This analysis may be wrong depending on exactly how these figures were obtained.

      1. In particular, it is not clear if the 93% and the 59% figures came from the same exercise. If they came from different populations, the analysis fails.

  4. Possibly why a lot of the sniffer dogs at the airport work in the luggage area, can’t be biassed against luggage.

  5. Just to clarify, if a dog can pick 50% of drug carriers in a population of 100 with only one carrier, the dog picks 2 people to be searched; one is released and one is busted.
    This is impressive and much better than a coin toss!

    If the population has 50 carriers, the dog picks most of the 100 to be searched.
    Not impressive and equivalent to a coin toss.

    The quoted statistics could fit either scenario depending on how they were obtained.

    This was discussed here a few years ago and I repeat, there needs to be a quality control survey for accreditation like we have in diagnostic labs.

    A central authority mails out blind samples to test, some positive and others negative, on a monthly or other regular basis. Results are posted back to the authority who performs statistical analysis for all to see. Anonimity is preserved but Management reviews and draws conclusions, especially if you fall in the lowest percentiles! Changes are made and gradually results improve.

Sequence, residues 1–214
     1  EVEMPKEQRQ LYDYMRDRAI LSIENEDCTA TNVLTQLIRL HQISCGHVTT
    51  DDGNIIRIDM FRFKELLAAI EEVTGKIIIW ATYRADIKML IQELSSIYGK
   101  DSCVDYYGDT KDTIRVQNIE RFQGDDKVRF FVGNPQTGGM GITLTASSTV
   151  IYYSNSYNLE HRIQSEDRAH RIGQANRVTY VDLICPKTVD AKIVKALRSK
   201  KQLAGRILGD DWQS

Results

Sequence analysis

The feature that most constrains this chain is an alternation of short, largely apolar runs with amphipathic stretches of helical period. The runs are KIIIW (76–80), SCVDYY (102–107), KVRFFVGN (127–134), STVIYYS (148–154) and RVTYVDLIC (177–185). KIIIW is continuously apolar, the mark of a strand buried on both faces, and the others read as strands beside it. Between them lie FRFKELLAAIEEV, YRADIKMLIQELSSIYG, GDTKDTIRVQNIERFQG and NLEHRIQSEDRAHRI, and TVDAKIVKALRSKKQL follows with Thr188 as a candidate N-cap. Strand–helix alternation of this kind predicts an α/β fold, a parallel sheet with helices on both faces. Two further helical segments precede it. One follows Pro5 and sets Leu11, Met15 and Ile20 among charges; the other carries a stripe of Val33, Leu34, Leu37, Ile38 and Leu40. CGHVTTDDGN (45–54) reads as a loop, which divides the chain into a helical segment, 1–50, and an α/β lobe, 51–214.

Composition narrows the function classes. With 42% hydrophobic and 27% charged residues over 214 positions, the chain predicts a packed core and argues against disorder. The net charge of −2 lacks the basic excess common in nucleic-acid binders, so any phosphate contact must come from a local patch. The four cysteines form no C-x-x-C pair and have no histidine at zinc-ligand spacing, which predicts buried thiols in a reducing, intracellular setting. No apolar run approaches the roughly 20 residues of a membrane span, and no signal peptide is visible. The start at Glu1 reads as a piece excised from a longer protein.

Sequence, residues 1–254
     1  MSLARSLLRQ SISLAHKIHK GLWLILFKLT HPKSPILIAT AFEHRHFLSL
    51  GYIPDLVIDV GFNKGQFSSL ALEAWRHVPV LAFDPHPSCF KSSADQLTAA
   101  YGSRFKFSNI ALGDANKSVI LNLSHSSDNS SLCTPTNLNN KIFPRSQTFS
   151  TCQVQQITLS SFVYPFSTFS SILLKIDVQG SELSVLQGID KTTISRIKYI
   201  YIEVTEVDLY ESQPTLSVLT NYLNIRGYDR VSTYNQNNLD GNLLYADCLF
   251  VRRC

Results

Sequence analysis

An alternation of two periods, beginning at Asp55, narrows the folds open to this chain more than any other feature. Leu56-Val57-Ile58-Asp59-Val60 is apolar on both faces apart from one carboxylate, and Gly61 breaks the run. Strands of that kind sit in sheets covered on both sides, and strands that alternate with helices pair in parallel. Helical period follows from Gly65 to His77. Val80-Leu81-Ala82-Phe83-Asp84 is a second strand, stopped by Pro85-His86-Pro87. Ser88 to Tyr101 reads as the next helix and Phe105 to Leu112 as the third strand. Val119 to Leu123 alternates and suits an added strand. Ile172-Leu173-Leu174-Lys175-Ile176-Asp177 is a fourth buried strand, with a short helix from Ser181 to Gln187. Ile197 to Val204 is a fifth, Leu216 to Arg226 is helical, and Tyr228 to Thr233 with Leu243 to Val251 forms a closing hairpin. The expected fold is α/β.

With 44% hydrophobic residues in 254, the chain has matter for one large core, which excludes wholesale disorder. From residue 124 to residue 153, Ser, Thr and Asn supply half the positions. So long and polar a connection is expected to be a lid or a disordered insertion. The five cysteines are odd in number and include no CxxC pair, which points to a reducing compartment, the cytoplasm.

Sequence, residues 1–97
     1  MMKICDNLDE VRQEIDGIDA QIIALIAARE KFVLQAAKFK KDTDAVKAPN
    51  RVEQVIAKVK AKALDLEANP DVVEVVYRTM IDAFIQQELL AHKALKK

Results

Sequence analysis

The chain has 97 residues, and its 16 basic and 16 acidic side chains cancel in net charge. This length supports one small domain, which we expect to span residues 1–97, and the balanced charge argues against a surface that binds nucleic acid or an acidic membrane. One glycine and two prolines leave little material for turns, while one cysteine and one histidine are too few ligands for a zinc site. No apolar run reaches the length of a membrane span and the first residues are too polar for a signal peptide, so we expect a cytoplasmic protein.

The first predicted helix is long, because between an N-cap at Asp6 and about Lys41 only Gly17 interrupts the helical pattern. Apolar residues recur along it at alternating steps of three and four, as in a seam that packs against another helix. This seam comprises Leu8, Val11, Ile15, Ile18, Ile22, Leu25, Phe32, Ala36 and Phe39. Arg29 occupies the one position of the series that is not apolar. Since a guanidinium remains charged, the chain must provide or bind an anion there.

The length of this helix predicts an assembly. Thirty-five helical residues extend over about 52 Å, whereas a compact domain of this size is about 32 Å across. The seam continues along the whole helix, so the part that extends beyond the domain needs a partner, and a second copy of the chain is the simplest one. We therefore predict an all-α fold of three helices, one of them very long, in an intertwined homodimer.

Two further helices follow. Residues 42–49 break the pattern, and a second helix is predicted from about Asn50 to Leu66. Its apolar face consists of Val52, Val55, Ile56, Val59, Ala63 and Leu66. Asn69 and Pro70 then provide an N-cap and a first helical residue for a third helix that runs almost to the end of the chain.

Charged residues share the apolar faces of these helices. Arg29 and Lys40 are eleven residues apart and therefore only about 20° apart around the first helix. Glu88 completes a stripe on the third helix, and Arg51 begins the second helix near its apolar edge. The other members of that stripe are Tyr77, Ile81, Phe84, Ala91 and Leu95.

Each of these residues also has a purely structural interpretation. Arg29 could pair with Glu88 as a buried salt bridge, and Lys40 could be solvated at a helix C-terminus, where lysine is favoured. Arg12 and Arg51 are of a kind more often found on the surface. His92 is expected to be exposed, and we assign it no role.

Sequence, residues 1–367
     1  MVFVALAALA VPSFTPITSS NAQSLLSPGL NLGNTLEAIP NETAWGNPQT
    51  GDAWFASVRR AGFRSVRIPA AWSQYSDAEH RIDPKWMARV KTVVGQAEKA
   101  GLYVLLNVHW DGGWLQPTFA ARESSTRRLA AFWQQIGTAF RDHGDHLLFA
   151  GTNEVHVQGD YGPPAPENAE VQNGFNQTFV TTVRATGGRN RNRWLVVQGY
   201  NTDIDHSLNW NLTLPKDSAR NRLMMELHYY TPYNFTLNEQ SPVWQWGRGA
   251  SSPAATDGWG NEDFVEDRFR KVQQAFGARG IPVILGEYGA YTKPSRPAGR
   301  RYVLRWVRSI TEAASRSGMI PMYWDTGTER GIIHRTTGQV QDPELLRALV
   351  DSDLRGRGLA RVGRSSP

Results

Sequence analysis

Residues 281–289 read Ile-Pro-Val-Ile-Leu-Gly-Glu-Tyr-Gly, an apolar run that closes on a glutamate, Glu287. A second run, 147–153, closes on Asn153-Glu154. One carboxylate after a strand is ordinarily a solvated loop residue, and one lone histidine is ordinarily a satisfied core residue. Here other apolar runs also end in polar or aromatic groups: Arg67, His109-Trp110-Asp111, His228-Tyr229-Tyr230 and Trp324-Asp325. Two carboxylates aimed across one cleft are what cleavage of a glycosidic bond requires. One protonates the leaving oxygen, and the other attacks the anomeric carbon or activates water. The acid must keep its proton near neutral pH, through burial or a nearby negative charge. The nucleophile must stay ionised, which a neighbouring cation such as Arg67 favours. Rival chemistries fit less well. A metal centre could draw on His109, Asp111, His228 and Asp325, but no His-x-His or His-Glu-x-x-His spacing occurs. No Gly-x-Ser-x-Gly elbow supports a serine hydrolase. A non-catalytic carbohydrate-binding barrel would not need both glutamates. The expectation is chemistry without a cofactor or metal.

Maybe the cops do some variation of this but if so it seems ineffective.

    1. While that’s true, it’s totally irrelevant. Rebecca addressed that already. This dog alerted 93% of the time, and there were drugs 59% of the time. So the dog was alerting on essentially every car, and 60% of the cars he alerted on had drugs. If we make the maximally-generous assumption that he alerted on every drug-carrying car that he saw, then in 1000 cars that he sees, he alerts on 930 of them, and 549 of those have drugs. That means that 55% of cars had drugs, and the dog was identifying drugs in 59% of his identifications, which is 4 percentage points better than flipping a coin would have done.